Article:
A 62-year-old obese woman with prior history of type 2 diabetes, hypertension, and a pack-a-day smoking habit presented to the emergency department (ED) for acute onset of right-side weakness and sensory loss noted on awakening from sleep.
She reports taking a baby aspirin daily to “prevent heart attacks” prior to her stroke. Her electrocardiogram demonstrates a left bundle branch block and frequent premature atrial contractions. She recovers with mild hemiparesis and is ready for discharge. What is the best medical therapy for secondary prevention of stroke?
Cerebrovascular accident (CVA) represents an important diagnosis for the hospitalist, with 700,000 people suffering a stroke in the U.S. each year.1 This translates to a stroke every 45 seconds. About 200,000 of these strokes are recurrent events.
Cardioembolism is the largest cause of ischemic strokes, representing 29% of all infarcts.2 Stasis from impaired contractile function, atrial fibrillation, or mechanical valves are significant risk factors. More rarely, a paradoxical embolus arising in the venous system may pass through a patent foramen ovale.
Large-artery atherosclerosis and lacunar infarcts each account for 16% of strokes. Risk factors for these forms of strokes are the same as those for atherosclerosis and include hypertension and diabetes. Rarer causes such as vasculitis, dissection, hypercoagulability, or hematological disorders account for 3% of strokes. Work-up for these should be driven by historical and atypical features such as young age, family history, or unusual distribution of ischemic zones. Despite appropriate work-up, the mechanism remains uncertain in 36% of strokes.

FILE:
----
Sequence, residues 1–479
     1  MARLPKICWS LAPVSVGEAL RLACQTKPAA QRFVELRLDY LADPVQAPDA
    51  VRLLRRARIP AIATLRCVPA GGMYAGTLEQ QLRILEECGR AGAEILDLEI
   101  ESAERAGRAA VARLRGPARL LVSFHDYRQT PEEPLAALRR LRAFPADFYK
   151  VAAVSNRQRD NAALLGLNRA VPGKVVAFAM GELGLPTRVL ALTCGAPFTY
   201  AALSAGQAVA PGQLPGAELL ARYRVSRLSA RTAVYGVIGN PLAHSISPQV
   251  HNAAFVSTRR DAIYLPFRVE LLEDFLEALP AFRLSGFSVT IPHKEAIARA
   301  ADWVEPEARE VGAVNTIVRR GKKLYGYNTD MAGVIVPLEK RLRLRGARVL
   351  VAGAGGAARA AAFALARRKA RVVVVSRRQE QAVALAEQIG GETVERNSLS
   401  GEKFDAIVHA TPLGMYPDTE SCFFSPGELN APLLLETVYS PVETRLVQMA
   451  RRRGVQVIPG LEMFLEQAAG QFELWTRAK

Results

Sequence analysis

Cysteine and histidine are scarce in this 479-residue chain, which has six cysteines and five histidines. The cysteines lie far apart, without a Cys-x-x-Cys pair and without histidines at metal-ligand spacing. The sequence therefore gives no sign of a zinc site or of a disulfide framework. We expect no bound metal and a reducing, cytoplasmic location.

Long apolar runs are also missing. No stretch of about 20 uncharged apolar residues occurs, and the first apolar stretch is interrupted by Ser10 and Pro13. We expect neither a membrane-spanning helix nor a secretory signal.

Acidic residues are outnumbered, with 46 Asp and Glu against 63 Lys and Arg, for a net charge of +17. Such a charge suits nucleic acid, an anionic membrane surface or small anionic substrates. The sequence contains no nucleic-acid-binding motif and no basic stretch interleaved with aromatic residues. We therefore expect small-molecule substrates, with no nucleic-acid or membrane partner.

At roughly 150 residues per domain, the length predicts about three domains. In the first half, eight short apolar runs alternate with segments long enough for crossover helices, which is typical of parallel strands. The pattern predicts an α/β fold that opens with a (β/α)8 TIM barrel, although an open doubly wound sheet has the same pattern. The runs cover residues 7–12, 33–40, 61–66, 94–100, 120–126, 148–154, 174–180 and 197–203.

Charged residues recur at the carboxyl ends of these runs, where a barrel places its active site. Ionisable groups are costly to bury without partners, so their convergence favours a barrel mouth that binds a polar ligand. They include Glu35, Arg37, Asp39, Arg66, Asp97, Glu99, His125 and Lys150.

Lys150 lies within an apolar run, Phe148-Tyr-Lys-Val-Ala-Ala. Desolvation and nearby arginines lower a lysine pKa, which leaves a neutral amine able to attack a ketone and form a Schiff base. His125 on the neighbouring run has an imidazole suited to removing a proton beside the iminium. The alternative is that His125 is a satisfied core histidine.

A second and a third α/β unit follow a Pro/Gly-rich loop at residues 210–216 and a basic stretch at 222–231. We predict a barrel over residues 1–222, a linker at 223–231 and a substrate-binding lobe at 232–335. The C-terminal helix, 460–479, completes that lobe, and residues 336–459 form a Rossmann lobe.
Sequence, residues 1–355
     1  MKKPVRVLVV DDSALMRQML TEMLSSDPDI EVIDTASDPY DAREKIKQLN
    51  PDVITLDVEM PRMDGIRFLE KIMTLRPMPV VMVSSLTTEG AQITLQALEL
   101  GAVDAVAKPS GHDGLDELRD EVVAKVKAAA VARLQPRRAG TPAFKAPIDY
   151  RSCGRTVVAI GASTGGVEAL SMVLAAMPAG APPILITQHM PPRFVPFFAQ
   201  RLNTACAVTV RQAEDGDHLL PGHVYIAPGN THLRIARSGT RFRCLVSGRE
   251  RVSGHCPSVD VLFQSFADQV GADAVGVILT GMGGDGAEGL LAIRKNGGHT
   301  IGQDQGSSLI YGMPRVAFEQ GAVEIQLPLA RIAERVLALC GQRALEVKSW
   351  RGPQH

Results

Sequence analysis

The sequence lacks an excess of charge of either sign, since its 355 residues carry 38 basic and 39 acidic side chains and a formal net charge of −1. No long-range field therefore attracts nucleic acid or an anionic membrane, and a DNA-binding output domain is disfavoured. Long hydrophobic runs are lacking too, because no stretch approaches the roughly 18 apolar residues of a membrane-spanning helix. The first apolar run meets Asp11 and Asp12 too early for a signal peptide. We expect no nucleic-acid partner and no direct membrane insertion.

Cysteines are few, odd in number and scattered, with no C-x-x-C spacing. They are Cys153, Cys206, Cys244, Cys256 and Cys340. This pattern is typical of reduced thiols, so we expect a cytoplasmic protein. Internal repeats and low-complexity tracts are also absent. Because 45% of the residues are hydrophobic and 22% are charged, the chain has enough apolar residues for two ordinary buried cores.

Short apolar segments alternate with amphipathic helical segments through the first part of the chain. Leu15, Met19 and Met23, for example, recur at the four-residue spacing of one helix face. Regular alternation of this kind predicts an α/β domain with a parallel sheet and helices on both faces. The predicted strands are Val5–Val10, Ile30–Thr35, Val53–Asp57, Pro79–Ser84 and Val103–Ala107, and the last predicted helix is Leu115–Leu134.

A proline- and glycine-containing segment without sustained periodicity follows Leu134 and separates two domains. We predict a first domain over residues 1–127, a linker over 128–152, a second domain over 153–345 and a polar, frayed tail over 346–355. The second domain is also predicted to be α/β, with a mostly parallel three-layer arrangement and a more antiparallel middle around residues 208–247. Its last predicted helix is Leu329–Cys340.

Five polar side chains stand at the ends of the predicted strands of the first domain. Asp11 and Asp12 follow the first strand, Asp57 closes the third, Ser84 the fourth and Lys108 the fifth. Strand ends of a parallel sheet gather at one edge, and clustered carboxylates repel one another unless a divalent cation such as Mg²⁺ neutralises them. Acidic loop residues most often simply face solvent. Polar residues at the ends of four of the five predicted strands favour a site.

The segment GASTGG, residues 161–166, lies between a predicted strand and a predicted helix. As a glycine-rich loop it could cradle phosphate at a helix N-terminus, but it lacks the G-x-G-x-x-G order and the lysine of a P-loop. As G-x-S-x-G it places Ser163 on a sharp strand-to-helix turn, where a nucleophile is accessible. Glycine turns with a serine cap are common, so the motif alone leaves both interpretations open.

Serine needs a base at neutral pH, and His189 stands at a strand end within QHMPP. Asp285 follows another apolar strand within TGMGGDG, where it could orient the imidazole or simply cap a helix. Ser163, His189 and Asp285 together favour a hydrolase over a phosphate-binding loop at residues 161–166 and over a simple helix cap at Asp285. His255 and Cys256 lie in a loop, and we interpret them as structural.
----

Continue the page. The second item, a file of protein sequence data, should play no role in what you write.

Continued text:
Regardless of the manifestation and residua of the index event, the hospitalist must initiate appropriate therapy to prevent a disabling CVA. While antithrombotic drugs are the mainstay of secondary prevention, it is a mistake to miss other opportunities for risk modification. Optimal management requires a tailored evaluation for etiology, identification of modifiable risk factors, and initiation of antiplatelet or anticoagulant therapy.
Treatment of stroke depends on the etiology of the original infarct. Evidence is strong that the optimal therapy for cardioembolic stroke is anticoagulation with warfarin.
The European Atrial Fibrillation Trial found that warfarin reduces the risk for second strokes in patients with atrial fibrillation by two-thirds and is superior to antiplatelet agents for preventing cardioembolic strokes.3 Warfarin increases the risk of extracranial bleeding, but not severely enough to negate the benefit of reducing stroke death and disability. The target international normalized ratio (INR) for non-valvular atrial fibrillation is generally two to three, although this may be higher for certain prosthetic valves.
For large-vessel atherosclerotic and lacunar cerebral ischemia, the oldest—and still effective—treatment for recurrent stroke is aspirin. The use of low-dose aspirin after transient ischemic attack (TIA) or stroke reduces second strokes or death by approximately 15%-18%.4-5 Larger doses do not appear to be more effective, although the rate of gastrointestinal complaints is greater with increased dosage. The use of either 325 mg or 1,200 mg of aspirin produced the same 15% reduction in second ischemic events. Similar efficacy has been seen in comparisons between 30 mg and 283 mg dosing.6